Meanwhile, two Con Law Profs weighed in. Prof. Ali Khan (Washburn) takes a strong stand against the measure, arguing that it would affect everything from Muslim prisoners' rights to halal food to state court interpretation of international business contracts based on Sharia law to marriages under Sharia law. Prof. Marci Hamilton (Cardozo) argues that it may be a non-issue, because courts can't use religious law, anyway:
It may look anti-Muslim, but no other religious group has a right to have their religious doctrine determine secular law. On this reading, it is just a restatement of the rule of law.
November 10, 2010 in Comparative Constitutionalism, Courts and Judging, Elections and Voting, Establishment Clause, Free Exercise Clause, Fundamental Rights, News, Recent Cases, Religion, State Constitutional Law, Supremacy Clause | Permalink | Comments (0) | TrackBack (0)
The United States Supreme Court heard oral argument today in Flores Villar v. United States. As we discussed in our previous analysis when certorari was granted, the statute at issue in Flores-Villar is the requirement that a citizen father must have resided in the United States for at least five years after his fourteenth birthday to confer citizenship on his child, while a citizen mother had to reside in the United States for a continuous period of only one year prior to the child’s birth to pass on citizenship. Moreover, in the case of Flores-Villar, INS denied a petition for citizenship on the basis that because the citizen father was 16 years old at the time of the child’s birth, it was “physically impossible” for the father to have the required physical presence after the age of 14 in order to comply with the statute.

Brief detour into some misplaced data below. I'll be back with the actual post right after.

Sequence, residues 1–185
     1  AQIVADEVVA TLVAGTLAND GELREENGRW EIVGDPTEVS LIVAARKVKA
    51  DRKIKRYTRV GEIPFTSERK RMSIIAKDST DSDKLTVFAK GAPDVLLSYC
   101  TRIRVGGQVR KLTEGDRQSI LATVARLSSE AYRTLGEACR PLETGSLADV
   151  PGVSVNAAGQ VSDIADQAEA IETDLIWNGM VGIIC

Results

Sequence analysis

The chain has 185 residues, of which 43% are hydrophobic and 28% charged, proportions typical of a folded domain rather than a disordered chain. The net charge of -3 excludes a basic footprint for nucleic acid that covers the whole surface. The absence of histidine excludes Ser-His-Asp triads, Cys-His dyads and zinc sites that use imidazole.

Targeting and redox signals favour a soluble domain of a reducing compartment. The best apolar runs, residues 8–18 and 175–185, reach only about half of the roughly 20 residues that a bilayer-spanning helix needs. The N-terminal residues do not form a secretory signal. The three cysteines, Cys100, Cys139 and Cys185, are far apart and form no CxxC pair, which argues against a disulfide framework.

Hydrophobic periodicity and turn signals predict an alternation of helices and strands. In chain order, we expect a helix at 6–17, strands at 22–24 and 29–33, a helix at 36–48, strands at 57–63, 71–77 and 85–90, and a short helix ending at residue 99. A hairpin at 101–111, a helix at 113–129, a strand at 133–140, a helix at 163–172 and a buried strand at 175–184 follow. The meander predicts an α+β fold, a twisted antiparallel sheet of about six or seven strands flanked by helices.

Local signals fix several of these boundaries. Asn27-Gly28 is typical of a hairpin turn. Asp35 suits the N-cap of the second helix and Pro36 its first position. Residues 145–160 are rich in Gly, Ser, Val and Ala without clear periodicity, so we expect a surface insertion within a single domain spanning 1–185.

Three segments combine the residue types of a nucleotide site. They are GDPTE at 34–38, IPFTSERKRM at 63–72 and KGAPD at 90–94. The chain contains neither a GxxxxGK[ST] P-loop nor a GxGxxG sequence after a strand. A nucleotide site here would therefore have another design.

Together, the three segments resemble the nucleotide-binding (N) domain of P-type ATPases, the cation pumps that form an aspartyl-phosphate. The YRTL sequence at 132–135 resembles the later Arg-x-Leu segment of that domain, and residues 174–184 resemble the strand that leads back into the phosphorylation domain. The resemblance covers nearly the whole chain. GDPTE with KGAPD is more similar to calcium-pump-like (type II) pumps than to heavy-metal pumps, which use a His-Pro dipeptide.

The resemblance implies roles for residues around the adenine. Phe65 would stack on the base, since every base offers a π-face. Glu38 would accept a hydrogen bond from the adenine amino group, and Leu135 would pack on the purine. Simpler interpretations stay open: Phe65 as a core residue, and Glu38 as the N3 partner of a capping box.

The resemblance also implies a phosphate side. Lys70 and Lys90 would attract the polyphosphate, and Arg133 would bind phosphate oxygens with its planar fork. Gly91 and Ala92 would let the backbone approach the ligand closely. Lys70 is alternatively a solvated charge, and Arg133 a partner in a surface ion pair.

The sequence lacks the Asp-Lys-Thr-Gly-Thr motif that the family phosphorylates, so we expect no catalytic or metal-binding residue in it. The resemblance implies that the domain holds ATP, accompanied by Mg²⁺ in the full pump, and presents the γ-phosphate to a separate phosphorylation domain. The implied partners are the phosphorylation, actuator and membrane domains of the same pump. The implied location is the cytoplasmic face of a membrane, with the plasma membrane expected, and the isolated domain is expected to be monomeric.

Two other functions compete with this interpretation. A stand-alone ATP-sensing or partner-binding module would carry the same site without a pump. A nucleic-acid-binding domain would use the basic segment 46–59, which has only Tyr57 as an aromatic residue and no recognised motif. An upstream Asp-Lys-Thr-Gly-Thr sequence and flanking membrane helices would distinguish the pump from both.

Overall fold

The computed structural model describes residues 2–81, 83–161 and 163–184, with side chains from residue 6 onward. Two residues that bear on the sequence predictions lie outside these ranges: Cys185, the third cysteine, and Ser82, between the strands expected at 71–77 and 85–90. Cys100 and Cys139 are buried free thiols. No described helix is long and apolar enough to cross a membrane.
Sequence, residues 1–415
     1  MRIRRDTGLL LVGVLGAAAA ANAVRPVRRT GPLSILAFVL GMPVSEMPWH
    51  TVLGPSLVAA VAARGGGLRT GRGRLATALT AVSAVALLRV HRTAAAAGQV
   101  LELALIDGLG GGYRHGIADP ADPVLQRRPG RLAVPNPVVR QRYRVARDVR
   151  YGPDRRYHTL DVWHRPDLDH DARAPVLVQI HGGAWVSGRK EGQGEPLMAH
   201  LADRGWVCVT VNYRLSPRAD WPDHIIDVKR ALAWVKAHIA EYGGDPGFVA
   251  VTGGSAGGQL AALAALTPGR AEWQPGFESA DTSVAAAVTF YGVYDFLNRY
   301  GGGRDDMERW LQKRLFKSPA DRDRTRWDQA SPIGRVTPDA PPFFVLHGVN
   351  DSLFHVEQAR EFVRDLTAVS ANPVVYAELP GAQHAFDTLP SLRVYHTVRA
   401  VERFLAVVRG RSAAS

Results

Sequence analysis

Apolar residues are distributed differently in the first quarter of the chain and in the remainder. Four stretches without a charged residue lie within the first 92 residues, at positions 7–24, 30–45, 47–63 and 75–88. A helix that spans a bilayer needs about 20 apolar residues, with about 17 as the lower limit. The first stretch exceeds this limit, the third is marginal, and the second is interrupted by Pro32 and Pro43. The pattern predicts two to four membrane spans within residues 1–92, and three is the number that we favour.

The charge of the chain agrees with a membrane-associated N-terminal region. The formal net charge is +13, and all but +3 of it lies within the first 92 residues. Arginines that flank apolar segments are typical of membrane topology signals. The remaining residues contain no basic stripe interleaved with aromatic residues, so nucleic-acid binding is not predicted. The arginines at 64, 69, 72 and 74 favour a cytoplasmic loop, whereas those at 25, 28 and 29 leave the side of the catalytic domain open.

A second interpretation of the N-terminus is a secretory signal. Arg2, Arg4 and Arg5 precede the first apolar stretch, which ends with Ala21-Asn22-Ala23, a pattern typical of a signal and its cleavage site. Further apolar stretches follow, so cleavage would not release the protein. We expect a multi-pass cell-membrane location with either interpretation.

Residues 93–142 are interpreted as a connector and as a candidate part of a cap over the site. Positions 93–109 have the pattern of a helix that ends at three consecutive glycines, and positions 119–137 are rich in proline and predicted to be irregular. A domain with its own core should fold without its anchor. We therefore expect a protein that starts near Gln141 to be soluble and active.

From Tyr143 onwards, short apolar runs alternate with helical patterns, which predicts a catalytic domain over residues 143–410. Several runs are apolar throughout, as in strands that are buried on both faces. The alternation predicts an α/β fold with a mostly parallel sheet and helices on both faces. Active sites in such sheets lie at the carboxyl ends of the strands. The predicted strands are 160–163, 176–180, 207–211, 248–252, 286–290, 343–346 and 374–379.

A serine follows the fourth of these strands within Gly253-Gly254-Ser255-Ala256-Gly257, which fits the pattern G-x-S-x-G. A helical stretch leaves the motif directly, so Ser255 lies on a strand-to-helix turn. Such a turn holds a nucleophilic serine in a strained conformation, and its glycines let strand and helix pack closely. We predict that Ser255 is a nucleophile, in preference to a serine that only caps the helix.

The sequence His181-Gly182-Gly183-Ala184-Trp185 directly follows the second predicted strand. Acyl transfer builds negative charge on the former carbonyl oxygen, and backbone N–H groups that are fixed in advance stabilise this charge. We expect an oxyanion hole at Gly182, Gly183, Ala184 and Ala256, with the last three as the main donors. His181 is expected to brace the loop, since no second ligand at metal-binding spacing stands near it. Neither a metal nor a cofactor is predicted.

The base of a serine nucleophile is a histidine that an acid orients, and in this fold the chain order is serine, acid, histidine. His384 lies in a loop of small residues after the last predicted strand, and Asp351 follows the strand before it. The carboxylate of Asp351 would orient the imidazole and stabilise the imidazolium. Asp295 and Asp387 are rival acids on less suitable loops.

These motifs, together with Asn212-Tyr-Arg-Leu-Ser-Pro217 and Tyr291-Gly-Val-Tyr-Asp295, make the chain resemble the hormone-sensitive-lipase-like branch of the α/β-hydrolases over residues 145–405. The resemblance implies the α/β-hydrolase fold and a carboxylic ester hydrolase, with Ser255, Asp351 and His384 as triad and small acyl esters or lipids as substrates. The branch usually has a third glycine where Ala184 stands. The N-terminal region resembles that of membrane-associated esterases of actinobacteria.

In today's oral argument, the Court seemed preoccupied with two different inquiries.
First, the standard of review to be applied under Equal Protection doctrine, and second, the remedy if there were found to be an Equal Protection violation.
However, the argument did not proceed in this fashion. Instead, Steven F. Hubachek, arguing for Petitioner Flores-Villar, was peppered with questions about the remedy. As Justice Kennedy phrased it:
Let me just ask you this as an analytic matter, or as matter of logical priorities. We usually talk about substance first, remedy second. Do you think it's permissible, logically, for us to say that because the remedies here are so intrusive, that bears on our choice of whether we or not we use intermediate or rational basis scrutiny, and because the remedies are so difficult, we are going to use rational basis scrutiny? Is that a logical way to proceed?
The subject of the remedy was the major theme in the questions to Hubachek. As Roberts stated: "The remedy for an equal protection violation is to treat everybody the same. You can do that either by lowering the people who are given a benefit or by increasing the people who aren't." Ginsburg, a very active interlocutor in this argument as one might expect, initially asked about remedy, but later seemed to indicate her views, by referring to cases she herself had litigated:
In Sarah Frontiero's case, [Frontiero v. Richardson] we didn't say: You've been discriminated against; Congress, you fix it. We said: You get the quarters' allowance that up until now has been available only in male officers. And in Wiesenthal [sic: Weinberger v. Wiesenfeld] the father got the same child and care benefits as the mother. So the Court was making a decision for extension; it recognized it had to do that.
Arguing for the United States, Edwin S. Kneedler, Deputy Solicitor General, was vigorously questioned about the standard that should be applied. Justice Sotomayor posed a hypothetical:
assume Congress determines that there are too many foreign-born children of U.S. citizens coming into the United States, and that those foreign-born children, those born of women are placing a greater burden on our economic system. They need more care for reasons that Congress determines analytically or statistically. They are spending more money -- more government money. And Congress passes a rule that says, only the foreign-born children of men can come into the country, not of women. Wouldn't that be a rational basis?